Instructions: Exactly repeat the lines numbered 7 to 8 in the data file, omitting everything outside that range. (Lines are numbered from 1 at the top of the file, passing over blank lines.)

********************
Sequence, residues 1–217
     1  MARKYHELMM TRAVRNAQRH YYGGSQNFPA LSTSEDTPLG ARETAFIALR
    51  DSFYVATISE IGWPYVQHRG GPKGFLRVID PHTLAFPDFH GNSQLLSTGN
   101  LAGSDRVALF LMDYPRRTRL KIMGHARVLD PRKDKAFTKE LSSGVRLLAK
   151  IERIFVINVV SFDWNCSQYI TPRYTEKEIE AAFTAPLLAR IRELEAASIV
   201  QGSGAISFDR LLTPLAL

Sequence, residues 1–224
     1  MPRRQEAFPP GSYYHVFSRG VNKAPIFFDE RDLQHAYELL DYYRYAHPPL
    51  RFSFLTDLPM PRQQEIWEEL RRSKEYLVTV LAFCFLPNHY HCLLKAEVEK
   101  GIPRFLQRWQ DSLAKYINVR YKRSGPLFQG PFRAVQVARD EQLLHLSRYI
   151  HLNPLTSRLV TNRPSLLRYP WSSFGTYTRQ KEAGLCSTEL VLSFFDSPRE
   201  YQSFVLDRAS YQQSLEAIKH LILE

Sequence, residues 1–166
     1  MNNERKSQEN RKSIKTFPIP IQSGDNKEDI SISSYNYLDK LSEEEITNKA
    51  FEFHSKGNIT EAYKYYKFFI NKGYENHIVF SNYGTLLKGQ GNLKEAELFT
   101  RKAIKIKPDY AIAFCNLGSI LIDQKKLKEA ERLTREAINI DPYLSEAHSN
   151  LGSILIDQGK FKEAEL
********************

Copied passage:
Sequence, residues 1–224
     1  MPRRQEAFPP GSYYHVFSRG VNKAPIFFDE RDLQHAYELL DYYRYAHPPL